Hey, kids! Have no fear, mother’s here
Lactating animals have a decrease in fright-inducing hormone, tests show
By JILL MAHONEY
Monday, August 2, 2004
Mama bears do it. So do mice, birds, sea otters and just about all other mothers in the animal kingdom. When their offspring are in danger, they act fiercely to protect them at all costs.
New research, which provides a glimpse into the female animal brain, suggests maternal aggression is a biological mechanism that is activated by lactation and caused by low levels of a fear-and-anxiety hormone.
"If you have a fight-or-flight situation, for most lactating females really flight is not an option. And that’s where we think actually the decrease of [the hormone] might push females more towards the fight than the flight," said Stephen Gammie, a zoology professor at the University of Wisconsin-Madison and lead author of the study.
The paper, which appears in the August issue of Behavioral Neuroscience, marks the first time scientists have examined the reason behind the change in the fear response in relation to maternal aggression.
Prof. Gammie and his colleagues concluded the behaviour is linked to low levels of corticotropin-releasing hormone, a neuropeptide, or sequence of amino acids, that acts on the brain to control fear and anxiety.
"What our study suggests is that you have to have a low fear/anxiety response in order to protect your offspring," he said in an interview.
The study focused on mice, but he said there is "a good chance" the situation is the same for other animals.
Prof. Gammie has collected anecdotes of maternal aggression he thinks can be explained by the findings. People have told him of being attacked by female sea otters, which are normally timid creatures, when they got between them and their pups. Others have been dive-bombed by usually skittish birds for getting too close to their young.
But animals do more than act aggressively against threats to their young. A famous example is Scarlett, a Brooklyn, N.Y., street cat whose body was badly burned as she went back again and again to rescue her five kittens from a burning building in 1996. Scarlett became a folk hero and was the subject of a book.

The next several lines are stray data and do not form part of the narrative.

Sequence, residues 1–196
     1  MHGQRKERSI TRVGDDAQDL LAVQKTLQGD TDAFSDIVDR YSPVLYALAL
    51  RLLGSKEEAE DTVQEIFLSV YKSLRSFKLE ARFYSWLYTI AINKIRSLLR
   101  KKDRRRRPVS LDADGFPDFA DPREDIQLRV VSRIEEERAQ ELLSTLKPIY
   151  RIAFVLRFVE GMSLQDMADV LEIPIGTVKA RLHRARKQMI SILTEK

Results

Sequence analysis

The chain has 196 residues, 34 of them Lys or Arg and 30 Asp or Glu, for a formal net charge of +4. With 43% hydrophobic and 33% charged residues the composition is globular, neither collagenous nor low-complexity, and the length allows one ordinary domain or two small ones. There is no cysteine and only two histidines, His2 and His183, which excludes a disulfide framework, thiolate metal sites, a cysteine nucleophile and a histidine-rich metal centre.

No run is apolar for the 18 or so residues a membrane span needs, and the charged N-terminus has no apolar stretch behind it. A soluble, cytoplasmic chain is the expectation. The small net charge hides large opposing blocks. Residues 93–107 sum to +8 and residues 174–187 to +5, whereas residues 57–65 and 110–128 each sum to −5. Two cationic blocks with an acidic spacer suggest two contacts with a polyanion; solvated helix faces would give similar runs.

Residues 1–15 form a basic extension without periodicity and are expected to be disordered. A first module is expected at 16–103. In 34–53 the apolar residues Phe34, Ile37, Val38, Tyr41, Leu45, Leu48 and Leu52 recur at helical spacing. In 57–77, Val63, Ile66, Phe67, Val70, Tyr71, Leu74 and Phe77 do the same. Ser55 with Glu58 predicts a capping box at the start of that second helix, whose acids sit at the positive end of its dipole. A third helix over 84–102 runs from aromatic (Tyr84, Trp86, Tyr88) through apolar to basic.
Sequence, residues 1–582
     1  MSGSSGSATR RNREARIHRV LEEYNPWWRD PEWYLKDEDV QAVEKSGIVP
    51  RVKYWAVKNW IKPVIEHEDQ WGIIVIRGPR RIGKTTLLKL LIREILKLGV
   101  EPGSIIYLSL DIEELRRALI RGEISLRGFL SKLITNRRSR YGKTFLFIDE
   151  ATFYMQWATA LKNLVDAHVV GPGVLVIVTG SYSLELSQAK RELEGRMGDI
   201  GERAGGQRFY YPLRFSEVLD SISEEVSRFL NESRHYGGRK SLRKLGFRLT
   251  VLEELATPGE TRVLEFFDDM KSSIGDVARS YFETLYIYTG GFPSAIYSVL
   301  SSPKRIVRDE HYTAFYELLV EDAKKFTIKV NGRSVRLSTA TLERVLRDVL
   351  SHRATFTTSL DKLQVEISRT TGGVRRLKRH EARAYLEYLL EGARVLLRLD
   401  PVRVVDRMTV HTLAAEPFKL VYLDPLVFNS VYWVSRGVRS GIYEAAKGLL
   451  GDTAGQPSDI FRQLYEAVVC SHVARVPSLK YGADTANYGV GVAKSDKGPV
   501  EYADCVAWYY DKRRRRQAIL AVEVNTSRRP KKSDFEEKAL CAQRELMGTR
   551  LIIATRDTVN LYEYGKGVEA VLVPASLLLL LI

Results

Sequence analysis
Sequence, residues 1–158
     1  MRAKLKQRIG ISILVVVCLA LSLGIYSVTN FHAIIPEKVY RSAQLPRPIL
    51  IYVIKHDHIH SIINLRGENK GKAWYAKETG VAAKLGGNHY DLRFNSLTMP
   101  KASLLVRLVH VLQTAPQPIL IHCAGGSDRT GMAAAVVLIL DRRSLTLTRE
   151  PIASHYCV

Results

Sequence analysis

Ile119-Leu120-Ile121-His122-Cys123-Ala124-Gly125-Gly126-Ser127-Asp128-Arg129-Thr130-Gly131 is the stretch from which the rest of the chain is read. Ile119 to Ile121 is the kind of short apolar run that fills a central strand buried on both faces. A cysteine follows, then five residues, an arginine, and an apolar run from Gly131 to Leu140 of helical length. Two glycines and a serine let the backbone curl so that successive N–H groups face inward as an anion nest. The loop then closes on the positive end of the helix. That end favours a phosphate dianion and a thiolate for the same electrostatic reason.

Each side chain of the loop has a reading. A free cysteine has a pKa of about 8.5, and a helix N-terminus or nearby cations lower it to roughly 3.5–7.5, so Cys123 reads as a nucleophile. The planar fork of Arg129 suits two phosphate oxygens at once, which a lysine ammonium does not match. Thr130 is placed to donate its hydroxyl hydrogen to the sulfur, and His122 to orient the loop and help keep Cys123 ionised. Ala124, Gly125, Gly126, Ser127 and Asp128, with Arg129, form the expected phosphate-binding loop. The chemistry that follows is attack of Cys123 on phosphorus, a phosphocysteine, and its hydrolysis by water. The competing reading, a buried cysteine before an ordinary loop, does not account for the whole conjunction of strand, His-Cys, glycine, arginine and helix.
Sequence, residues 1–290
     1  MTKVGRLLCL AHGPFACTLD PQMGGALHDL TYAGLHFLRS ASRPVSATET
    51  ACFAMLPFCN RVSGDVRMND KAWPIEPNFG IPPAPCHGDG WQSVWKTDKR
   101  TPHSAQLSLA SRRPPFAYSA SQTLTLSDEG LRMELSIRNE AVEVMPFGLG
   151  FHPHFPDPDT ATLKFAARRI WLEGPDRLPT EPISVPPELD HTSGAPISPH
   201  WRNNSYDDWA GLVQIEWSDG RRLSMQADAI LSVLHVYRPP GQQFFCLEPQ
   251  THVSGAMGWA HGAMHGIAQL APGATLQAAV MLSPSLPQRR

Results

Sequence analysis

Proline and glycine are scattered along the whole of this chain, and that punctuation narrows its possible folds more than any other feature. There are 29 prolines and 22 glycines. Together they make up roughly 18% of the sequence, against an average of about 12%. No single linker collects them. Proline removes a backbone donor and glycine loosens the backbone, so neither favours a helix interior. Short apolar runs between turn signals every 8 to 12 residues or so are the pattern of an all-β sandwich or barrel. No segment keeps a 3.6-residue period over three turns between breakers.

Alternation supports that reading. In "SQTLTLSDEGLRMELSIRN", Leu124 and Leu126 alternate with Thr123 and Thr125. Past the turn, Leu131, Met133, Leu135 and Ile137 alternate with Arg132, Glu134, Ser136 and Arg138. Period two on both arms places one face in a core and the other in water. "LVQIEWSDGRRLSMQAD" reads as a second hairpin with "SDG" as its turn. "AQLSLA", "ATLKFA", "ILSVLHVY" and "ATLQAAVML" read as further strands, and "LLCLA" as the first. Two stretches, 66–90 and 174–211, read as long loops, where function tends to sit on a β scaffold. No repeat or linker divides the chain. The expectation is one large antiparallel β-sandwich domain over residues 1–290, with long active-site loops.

As well, the killdeer, a type of bird, draws intruders from its young by moving away from them and pretending to be injured. "It’s not attacking, but it’s kind of a selfless act to get the animal away," Prof. Gammie said.
Scientists do not know whether humans experience the same process, though he suspects they do because most parents, both women and men, would fearlessly do anything to save their children.
"Anecdotally as a parent, I can say if I feel like something is threatening my kid, I don't feel a fear response. I know what fear is. I’m ready to act. I’m ready to jump in front of a bus if I need to. But it’s certainly not a fear-based response and that’s what our study suggests, is that in fact it’s suppression of that fear response which plays a role in protecting offspring."
The behaviour makes sense from an evolutionary perspective, he said, in that it fits the definition of a trade-off. By putting herself at risk, the mother increases the viability of her young.
"It’s really adaptive. If you don't do it, you're going to lose your offspring," Prof. Gammie said.
In animals, maternal aggression is dependent on lactation, which along with pregnancy, has been shown to result in brain changes and reduced fear. When the females wean their offspring, or if the brood somehow gets lost, they cease to display the behaviour and return to their usual state.
In the study, Prof. Gammie and his colleagues injected the brains of mice that had given birth about six days earlier with one of three doses of corticotropin-releasing hormone or a saline solution containing none of the peptide.
After the injections, which were given once a day for four days in a row, the researchers returned the mothers to their pups, but 28 minutes later removed the babies and introduced a male unknown to the mothers.
Normally, he said, female rodents will "quickly and fiercely" attack the males, which sometimes eat their pups.
However, in the study, which was videotaped, only the female mice that had received none of the peptide or a low dose behaved as expected.
The mice that received a higher dose of CRH attacked less frequently and for less time.
"We were able to actually prevent this very important reproductive behaviour of defending offspring," he said.
The mice that received low doses of the peptide attacked more than 20 times in 45 seconds.
Those with moderate levels lashed out about six times in eight seconds.
Mice with the highest levels did not attack at all -- and appeared skittish, suggesting they were scared.